The Australian Grand Prix will enforce a general ban on all exemptions from COVID-19 vaccination, making it mandatory to be vaccinated to participate.
- No medical exemptions will be accepted for unvaccinated participants in the Australian Grand Prix
- The race organizers say that Novak Djokovic’s situation has not affected the rules
- The event is scheduled to kick off with full audience capacity in April
Australian Formula 1 Grand Prix chief Andrew Westacott said the terms and conditions of participation in the event were clear.
“The rules are simple to get into the country and the rules are simple to operate in Formula 1,” Mr Westacott said.
He said the move would be crucial for teams to maintain their continuity while in Australia.
Sir. Westacott said the Australian Grand Prix Corporation (AGPC) had drawn up its COVID policies well in advance of the recent Novak Djokovic saga at the Australian Open.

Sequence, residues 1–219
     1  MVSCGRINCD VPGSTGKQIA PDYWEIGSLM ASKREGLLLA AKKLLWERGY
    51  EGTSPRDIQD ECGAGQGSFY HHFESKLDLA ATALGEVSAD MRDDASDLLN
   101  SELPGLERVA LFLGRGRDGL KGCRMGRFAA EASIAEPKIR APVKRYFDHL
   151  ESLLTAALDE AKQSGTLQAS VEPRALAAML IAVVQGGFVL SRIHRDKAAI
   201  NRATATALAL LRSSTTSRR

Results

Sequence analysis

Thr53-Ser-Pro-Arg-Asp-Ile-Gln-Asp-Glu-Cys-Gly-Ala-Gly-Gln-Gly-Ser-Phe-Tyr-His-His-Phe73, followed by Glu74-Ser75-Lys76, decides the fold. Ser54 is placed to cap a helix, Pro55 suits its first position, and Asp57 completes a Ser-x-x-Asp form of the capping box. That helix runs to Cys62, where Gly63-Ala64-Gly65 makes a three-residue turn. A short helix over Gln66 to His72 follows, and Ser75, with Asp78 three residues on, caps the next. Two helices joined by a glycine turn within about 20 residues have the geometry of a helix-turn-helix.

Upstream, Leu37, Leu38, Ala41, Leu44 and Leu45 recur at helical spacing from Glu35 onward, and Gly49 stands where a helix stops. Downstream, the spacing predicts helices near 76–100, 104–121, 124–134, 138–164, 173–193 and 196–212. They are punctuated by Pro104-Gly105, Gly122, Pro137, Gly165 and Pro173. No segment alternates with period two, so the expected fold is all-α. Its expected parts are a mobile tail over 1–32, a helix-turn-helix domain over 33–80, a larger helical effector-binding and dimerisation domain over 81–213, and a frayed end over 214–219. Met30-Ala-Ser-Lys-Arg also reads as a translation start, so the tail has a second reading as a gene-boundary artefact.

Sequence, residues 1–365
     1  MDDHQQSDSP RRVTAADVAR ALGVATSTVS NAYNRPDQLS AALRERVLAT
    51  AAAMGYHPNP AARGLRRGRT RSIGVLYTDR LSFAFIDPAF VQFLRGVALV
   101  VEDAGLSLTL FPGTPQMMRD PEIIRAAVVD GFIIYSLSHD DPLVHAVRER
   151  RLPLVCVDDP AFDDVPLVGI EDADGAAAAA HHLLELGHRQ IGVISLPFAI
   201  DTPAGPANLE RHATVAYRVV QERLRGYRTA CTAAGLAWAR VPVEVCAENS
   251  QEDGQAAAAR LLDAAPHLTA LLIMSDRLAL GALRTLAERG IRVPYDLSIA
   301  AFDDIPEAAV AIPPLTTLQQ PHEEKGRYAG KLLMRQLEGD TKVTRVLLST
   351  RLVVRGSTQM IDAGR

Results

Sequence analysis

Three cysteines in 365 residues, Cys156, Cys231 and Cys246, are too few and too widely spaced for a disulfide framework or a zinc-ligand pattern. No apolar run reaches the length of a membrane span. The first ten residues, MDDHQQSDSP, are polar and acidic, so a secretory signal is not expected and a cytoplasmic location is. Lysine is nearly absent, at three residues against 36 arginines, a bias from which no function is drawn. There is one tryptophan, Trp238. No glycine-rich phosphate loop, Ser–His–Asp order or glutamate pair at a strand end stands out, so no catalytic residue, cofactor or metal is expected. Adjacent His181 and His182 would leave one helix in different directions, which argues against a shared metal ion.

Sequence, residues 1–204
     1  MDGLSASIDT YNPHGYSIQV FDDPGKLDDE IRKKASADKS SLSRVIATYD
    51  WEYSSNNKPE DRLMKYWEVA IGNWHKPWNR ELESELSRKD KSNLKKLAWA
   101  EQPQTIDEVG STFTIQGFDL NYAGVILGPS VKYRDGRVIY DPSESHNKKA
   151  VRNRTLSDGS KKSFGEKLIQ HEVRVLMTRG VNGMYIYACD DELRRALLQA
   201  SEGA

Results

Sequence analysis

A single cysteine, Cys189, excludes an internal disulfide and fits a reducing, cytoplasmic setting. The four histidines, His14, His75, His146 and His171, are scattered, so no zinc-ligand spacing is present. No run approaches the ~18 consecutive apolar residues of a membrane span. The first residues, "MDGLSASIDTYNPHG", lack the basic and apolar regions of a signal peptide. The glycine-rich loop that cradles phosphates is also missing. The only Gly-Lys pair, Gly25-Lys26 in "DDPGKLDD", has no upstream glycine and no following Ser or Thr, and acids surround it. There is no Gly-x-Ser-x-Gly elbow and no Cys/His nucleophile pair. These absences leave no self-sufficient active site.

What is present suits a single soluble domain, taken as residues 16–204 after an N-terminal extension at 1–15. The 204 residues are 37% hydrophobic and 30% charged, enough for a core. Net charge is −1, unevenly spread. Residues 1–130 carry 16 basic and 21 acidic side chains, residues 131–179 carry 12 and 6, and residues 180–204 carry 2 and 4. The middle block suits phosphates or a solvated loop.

“Our events have been in place well before the recent time at the Australian Open,” he said.
“These rules are understood by Formula 1, they are understood by the FIA (Fédération Internationale de l’Automobile), they will be written into the sporting rules and I am very sure that [it] it’s just a rite of passage to enter the country. “
Leading F1 drivers Lewis Hamilton, Daniel Ricciardo and Max Verstappen have been loud in their support for vaccination.
They joined 19 other F1 drivers last year in a video promoting vaccines.
All staff in the F1 folds must have been vaccinated and medical driver Alan van der Merwe was unable to take part in several races last season due to being unvaccinated.
Sir. Westacott said anyone who tested positive for COVID-19 during the event would be excluded from running.
“There is zero tolerance. Whether you are Lewis Hamilton or Valentino Rossi in MotoGP, if you test positive, you are not driving that weekend,” he said.
The AGPC will try to hold its first Grand Prix in three years after both the 2020 and 2021 editions of the Australian Grand Prix were canceled due to the COVID-19 pandemic.
“I will go on record and say zero chance of cancellation,” Mr Westacott said.
The race itself is set for a renewal, as the Albert Park track re-emerges for the first time in 25 years, reducing the expected lap times by five seconds.
The Australian Grand Prix is scheduled to continue with full audience capacity on 10 April.